From Personality Traits to A Defined Condition
My son, from quite early on, had worrisome personality traits. Not that he was a problem-child or was not a good son. He just had some worrisome personality traits. He would not pay attention to his teacher, he would not do his schoolwork and usually would not take tests, but would crumple the paper up and throw it aside. He would sit and draw little things not related to the classroom, not even looking at the teacher, his books, or seemingly paying attention. Yet, rare as it was, he would sometimes at a whim actually do a brief exam. Then the teacher would look at the paper in amazement, realizing he had aced it.
As my son grew older, he didn’t mind talking very bluntly to his mother or to me. I was inclined to be inflamed over it a bit, but my wife took it just a little more in stride. Ordinarily, I would say she was not in the right, but looking back at our situation with my son, I believe she was right. Our son was not merely being disobedient, but was manifesting some of the traits of Asperger’s Syndrome (AS).
I will not discuss all the symptomatology of AS as I provide relevant references1 you can look up online, but I will discuss some of my son’s traits, and I will introduce a “surprise guest” at the end of this article.
Issues with Sensitivity and Communication
My son, now 25, has a thing with shoes. He should wear a shoe two-sizes smaller than he does, but if he did he would complain about discomfort, especially of crowding around the toes. There is no crowding, frankly, but one of the aspects of AS can be a heightened sense of touch. The same way with his trousers. He has to have them a bit oversized – not for style or some fad – but again because he feels too confined and he claims to experience discomfort. Although he’s better about it now, he doesn’t like to be touched, either.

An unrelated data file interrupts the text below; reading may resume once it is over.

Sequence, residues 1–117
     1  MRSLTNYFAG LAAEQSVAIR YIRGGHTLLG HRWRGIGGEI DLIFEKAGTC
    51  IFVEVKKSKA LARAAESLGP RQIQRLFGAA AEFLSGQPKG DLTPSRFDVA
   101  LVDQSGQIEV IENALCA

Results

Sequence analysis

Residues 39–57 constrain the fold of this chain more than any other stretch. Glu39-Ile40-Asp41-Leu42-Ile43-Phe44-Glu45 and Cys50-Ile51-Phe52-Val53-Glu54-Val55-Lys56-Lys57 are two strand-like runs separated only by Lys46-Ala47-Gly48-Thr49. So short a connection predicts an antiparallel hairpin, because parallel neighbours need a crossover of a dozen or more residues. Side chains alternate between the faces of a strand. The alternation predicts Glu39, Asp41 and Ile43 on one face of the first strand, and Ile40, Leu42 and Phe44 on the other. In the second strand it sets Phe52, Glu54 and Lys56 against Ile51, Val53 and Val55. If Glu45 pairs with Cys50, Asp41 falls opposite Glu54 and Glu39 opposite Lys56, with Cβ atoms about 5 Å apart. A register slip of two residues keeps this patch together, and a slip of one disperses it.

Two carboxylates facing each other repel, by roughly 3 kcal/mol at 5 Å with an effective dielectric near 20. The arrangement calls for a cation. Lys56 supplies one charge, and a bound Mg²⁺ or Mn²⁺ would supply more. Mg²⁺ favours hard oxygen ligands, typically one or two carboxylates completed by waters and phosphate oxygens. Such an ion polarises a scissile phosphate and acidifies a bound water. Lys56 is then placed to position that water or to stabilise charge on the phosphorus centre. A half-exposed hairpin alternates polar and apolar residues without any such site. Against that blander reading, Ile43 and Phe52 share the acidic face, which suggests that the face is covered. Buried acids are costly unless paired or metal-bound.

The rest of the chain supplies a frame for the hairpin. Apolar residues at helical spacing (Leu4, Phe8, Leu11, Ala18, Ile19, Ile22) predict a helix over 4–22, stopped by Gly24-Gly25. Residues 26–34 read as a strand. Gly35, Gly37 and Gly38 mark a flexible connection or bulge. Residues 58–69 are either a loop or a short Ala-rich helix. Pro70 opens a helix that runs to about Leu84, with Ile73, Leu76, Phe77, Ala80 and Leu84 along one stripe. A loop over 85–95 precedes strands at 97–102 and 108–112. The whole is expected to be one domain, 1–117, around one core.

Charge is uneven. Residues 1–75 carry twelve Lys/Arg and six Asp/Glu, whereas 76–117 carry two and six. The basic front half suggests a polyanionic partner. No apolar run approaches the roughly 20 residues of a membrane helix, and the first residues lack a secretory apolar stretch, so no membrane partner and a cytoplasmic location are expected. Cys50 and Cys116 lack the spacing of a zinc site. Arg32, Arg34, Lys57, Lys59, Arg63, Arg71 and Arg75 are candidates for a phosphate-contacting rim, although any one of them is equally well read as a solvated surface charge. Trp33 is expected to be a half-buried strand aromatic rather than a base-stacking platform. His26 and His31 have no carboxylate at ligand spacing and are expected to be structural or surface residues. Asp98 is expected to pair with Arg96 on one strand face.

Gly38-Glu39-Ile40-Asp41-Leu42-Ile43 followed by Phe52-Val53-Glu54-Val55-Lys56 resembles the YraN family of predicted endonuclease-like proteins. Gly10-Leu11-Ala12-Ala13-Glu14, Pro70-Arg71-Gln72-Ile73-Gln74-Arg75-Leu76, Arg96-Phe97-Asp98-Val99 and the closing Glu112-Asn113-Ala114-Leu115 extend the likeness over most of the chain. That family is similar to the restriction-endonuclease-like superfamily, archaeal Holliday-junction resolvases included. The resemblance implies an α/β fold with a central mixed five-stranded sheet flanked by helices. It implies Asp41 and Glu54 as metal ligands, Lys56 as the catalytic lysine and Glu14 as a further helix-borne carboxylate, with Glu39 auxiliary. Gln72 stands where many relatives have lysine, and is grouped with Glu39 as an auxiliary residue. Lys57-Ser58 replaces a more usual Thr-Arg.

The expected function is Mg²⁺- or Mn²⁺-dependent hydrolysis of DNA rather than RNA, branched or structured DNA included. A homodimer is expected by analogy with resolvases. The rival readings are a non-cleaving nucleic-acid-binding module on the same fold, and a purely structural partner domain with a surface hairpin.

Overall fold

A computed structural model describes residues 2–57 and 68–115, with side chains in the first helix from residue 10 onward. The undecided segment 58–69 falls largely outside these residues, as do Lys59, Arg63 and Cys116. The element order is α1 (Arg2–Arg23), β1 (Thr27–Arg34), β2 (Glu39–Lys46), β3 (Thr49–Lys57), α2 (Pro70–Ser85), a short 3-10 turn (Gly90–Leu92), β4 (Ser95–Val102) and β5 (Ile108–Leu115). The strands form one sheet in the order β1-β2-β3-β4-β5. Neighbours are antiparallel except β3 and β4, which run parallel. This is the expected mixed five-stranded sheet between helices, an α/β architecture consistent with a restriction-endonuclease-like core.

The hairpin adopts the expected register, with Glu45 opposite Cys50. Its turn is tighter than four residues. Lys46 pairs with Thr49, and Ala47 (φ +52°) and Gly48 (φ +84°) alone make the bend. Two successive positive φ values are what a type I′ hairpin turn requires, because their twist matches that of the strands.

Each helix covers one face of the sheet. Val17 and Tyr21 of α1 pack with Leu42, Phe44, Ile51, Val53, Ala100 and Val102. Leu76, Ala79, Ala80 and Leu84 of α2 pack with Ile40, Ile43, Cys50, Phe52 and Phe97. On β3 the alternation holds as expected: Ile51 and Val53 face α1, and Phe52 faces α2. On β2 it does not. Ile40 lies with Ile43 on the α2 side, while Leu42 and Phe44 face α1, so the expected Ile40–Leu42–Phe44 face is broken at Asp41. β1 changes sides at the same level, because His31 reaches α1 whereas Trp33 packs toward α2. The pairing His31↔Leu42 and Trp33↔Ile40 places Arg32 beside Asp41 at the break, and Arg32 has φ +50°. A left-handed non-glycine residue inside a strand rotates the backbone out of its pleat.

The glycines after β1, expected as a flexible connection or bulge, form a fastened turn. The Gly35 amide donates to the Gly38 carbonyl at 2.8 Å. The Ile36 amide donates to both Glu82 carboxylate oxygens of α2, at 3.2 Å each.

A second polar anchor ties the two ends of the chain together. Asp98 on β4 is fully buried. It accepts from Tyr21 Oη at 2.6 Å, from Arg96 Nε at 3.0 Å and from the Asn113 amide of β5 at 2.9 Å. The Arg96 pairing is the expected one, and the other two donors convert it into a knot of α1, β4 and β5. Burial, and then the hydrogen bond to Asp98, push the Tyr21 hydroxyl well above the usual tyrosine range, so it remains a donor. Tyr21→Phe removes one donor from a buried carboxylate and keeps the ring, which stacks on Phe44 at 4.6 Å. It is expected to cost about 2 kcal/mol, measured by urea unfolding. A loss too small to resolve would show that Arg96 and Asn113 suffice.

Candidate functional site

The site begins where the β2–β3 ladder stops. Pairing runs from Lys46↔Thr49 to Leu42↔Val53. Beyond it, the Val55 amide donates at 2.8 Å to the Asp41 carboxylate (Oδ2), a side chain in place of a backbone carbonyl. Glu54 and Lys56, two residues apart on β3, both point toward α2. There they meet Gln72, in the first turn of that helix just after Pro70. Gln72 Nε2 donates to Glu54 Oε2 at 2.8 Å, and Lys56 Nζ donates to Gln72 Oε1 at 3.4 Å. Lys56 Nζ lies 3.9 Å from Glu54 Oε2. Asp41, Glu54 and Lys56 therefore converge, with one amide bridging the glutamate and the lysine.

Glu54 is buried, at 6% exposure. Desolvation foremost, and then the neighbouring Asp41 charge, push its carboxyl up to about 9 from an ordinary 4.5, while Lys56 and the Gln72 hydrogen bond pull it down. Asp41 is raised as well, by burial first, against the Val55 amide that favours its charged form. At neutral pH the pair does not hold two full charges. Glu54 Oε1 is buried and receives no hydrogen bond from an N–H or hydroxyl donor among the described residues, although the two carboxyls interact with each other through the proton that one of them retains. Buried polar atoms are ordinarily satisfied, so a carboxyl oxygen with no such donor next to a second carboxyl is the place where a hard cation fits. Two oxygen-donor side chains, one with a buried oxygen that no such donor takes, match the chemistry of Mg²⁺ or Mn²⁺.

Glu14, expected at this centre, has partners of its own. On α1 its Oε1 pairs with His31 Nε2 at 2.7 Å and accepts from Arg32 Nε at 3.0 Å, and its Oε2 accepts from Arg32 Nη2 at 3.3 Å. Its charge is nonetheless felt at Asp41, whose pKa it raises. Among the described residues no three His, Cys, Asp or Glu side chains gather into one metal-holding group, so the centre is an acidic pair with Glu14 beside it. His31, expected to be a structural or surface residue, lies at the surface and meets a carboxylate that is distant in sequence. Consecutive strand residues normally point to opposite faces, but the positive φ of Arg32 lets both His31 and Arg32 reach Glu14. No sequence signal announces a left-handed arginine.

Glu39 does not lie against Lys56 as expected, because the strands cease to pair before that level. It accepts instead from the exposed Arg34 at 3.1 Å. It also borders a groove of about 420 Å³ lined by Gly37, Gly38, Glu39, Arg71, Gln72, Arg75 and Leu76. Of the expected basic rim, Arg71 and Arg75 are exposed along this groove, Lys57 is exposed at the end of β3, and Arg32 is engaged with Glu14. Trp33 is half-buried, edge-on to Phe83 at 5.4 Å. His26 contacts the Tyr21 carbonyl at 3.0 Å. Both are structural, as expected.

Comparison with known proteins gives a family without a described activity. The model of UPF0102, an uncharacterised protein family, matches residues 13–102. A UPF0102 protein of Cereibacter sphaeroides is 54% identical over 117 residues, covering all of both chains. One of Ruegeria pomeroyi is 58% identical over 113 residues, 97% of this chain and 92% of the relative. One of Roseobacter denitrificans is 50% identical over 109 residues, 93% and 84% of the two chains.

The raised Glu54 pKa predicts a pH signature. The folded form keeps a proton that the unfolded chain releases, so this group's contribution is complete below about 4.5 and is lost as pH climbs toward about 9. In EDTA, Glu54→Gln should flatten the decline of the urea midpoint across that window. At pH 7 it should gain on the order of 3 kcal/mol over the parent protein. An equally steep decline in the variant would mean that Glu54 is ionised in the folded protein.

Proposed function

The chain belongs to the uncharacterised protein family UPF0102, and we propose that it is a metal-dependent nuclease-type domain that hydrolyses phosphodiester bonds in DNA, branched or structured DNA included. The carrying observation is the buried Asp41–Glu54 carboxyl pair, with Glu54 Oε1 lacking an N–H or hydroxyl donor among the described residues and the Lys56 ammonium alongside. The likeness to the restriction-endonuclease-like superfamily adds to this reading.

One problem listed as symptomatic of AS is clumsy movement. While my son may walk fairly normally, he was afraid to ride a child’s swing and totally refused to learn how to ride a bicycle. Although he has tremendous ability at writing, especially clear and coherent, highly intelligent emails, he is sporadic in his speech and seems desirous of rushing through his words to get his thought out as quickly as possible.
As a young child, my son would not talk to anyone but to his family. Not a word. Now after a while, a friend of ours decided to make it into a game, and would say things like, “I’ll bet I can get you to talk.” My son would, of course, not talk at all, but he couldn’t help but grin. This performance was repeated a lot. As he got older, my son did say a word of two to our friend. And gradually, he has improved, though no one would accuse him of having the “gift of gab.” He answers questions and he can say one or two sentences. However, if you ask him about a personal interest, he becomes quite conversational, if a bit one-sided.
We once took my son to Kluge Rehabilitational Center in Charlottesville, Virginia. A young woman at first examined him, but a man who had a mathematics background, I believe, was asked to have an extensive private conversation with my son. After perhaps twenty or so minutes, they came back, and the man was shaking his head. He had been impressed. My son was twelve at this time. The man said, ‘How did your son know about the Iliad and the Odyssey?’ And so it always was.